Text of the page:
So, you’ve worked out who your ideal customers are, excellent. Now what?
Next, you can figure out their problems so that you can understand how to solve those problems. (Yes, I’m calling them problems. Not issues. For the same reasons, I’ll never be caught ‘reaching out’ to someone and that I will always write properly grammar-checked WhatsApp messages. Alright, less of the sanctimonious Pollard, just get on with it.)
Sounds easy however what customers say their problems are, is often different from what they actually are. For if they knew what their problems were, surely they’d address them?!
So with our cunning wizardry, we can work out what their real problems are.
Confused? Read on.
I’ve got a surprisingly simple tool to work it out so you can get to the root cause to fully understand what lies beneath. (It’s one I even use on myself when I’m confusing myself.)
Why Do You Need To Know Your Customers’ Problems?
Customer problems are a gift to you. The best businesses use the feedback their customers give them to create products and services or tweak existing ones. This means you have a guaranteed market.
You might have the best idea in the world but it won’t sell if it doesn’t address an existing need or desire.
If you’re interested in the theory, there are four basic psychological reasons people buy products or services:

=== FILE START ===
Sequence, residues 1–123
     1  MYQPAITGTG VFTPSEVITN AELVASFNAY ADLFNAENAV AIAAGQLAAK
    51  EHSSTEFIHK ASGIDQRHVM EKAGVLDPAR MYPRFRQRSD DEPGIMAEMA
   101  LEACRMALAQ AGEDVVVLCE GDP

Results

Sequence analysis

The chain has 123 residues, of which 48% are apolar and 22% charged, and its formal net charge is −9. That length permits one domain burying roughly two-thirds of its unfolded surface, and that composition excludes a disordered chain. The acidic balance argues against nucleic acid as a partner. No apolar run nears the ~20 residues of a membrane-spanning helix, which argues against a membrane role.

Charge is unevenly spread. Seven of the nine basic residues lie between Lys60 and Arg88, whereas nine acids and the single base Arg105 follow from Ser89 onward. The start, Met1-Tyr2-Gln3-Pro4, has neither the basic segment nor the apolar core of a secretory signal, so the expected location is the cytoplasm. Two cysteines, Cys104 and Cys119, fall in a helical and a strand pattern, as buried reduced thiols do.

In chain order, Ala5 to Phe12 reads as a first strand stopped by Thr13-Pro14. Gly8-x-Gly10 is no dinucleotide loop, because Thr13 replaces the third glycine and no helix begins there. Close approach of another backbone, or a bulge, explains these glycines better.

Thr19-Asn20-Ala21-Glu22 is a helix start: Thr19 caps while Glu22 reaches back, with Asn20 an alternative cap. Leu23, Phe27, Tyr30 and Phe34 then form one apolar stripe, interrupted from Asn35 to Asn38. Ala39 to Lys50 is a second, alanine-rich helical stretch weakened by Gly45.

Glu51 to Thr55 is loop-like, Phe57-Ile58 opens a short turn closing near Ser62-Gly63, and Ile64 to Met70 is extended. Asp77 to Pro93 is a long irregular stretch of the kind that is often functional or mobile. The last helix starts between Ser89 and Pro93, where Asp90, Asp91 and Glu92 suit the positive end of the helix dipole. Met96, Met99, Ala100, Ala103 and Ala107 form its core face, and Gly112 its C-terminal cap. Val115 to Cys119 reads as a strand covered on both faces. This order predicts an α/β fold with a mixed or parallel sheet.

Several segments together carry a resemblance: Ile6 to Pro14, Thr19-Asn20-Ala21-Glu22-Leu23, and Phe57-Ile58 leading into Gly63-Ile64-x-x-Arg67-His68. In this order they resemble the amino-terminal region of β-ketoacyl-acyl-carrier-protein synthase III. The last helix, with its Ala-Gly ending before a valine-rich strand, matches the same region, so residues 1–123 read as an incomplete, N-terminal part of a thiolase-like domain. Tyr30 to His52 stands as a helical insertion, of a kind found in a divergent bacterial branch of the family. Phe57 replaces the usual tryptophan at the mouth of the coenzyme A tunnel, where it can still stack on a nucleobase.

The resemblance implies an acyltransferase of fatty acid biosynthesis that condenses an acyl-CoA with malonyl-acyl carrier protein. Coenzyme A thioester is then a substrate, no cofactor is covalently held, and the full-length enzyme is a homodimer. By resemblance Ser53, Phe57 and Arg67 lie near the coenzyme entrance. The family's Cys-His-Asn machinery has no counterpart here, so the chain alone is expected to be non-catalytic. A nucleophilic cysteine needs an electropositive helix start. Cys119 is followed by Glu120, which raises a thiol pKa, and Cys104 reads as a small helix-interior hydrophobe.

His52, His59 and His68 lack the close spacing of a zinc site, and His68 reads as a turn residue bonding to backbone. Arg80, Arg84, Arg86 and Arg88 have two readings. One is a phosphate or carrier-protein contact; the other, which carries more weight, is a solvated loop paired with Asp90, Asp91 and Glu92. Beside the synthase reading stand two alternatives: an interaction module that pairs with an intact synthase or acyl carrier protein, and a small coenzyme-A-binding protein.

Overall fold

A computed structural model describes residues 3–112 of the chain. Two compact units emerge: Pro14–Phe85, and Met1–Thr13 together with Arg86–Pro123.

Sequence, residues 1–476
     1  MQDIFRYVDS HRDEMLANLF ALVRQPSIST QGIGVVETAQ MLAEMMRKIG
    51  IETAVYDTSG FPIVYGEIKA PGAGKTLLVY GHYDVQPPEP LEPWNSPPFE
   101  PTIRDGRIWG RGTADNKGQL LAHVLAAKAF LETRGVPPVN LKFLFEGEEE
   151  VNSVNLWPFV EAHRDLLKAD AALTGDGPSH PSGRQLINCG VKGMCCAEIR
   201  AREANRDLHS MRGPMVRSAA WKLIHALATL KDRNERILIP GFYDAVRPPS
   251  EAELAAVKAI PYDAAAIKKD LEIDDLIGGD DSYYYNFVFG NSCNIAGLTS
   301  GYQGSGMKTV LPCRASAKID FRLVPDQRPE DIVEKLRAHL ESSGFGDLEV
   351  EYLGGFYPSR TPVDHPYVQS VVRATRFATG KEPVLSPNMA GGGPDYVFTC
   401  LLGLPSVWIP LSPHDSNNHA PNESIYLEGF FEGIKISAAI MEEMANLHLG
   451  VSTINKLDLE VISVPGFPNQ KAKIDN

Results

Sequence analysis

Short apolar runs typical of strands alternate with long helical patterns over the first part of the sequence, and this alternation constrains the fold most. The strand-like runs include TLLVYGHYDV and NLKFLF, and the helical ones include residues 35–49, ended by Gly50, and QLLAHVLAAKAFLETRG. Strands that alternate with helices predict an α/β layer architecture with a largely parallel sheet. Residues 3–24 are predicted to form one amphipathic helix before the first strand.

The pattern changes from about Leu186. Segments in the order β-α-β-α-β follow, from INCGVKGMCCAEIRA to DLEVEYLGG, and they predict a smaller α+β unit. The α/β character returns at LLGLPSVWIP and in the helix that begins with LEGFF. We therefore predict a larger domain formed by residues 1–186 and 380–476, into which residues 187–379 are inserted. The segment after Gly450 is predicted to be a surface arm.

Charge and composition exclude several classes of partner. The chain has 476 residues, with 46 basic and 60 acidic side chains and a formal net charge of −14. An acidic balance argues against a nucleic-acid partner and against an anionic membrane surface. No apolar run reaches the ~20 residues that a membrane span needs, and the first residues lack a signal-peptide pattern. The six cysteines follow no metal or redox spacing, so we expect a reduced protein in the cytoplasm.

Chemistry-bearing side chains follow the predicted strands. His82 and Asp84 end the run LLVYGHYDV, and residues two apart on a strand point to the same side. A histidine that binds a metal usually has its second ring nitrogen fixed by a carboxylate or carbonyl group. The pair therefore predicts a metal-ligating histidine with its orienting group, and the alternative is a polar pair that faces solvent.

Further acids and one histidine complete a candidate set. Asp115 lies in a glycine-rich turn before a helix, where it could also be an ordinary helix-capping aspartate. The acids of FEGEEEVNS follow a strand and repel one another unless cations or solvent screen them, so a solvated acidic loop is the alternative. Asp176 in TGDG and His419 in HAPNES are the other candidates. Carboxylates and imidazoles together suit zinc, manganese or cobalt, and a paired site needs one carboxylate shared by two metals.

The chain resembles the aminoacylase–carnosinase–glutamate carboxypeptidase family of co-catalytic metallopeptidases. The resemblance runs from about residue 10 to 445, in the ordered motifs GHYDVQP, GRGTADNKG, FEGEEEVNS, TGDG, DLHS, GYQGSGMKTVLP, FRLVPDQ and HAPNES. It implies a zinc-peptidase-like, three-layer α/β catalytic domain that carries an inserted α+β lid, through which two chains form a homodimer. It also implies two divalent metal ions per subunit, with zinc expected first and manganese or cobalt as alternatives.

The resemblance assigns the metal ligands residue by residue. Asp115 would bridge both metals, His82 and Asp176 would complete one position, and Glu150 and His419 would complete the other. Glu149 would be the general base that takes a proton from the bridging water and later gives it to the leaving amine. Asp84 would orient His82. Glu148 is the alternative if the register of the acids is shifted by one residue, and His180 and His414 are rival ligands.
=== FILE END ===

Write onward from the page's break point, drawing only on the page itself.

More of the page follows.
- PAIN (or relief from pain)
- PROBLEM (solution to a problem)
- PLEASURE (delivery of pleasure)
If you can figure what emotion is driving your customers’ purchasing habits, you can develop the right products and services and attract the people who ALREADY want to buy it. Most products and services fall into the ‘solution to problem’ category.
To work out what the real solution is to the problem, the simple technique is to ask ‘why’ five times. That’s it.
You start with a surface-level issue that needs solving, and you ask “Why?” five times to pull out the pain points associated with it.
Are We There Yet?
You may sound like a persistent, inquisitive child but what this simple trick does is drill down from the surface to the real reason.
Honestly, it works. I even do it with myself sometimes when I can’t work out why something is bugging me.
Let’s take a simple example.
Earlier today, I thought I was being clumsy but my butter-fingers were actually a symptom of an underlying problem.
This is how it went.
I’m cross with myself for being clumsy by dropping and smashing a plate.
Because I’m hungry.
Because it’s nearly 3 pm and I’m only just about to eat my lunch.
Because I’ve been working all afternoon.
Because I went on Facebook at 1 pm which pushed my other high priority work back into the afternoon.
Because I ignored my body’s need to take a break and eat.
So, the apparent problem was me being clumsy. However, I did it because I was hangry (angry with hunger) and the root cause of this was ignoring my body’s signals when it said I needed to take a break and eat at 1 pm. So, to avoid being clumsy, I don’t need to stop dropping plates, I need to take a break at 1 pm and eat.
So, can you see how asking why repeatedly helps identify the root cause of the problem?
It may not take five ‘whys’, it may take one, it may take ten. Five is an average.
Over To You
Think of a couple of examples of problems your customers have shared with you.
If you don’t know what this is – ask them. Or look in relevant Facebook groups or communities, try Quora to see what types of questions your ideal customers ask (BTW, I’m not giving you permission to get lost down the rabbit hole that is the internet here. Give yourself ten minutes to find one customer problem, then come back.)
Bottom of Form
Repeat this exercise for three clients.
Can you identify any patterns? What practical problems do they have? What desires do they have?